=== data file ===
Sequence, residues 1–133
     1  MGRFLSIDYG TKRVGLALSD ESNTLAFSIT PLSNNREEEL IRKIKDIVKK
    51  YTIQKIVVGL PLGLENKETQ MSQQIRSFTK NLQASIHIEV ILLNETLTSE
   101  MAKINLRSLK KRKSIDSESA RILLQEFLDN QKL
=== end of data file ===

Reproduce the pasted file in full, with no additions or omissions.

Sequence, residues 1–133
     1  MGRFLSIDYG TKRVGLALSD ESNTLAFSIT PLSNNREEEL IRKIKDIVKK
    51  YTIQKIVVGL PLGLENKETQ MSQQIRSFTK NLQASIHIEV ILLNETLTSE
   101  MAKINLRSLK KRKSIDSESA RILLQEFLDN QKL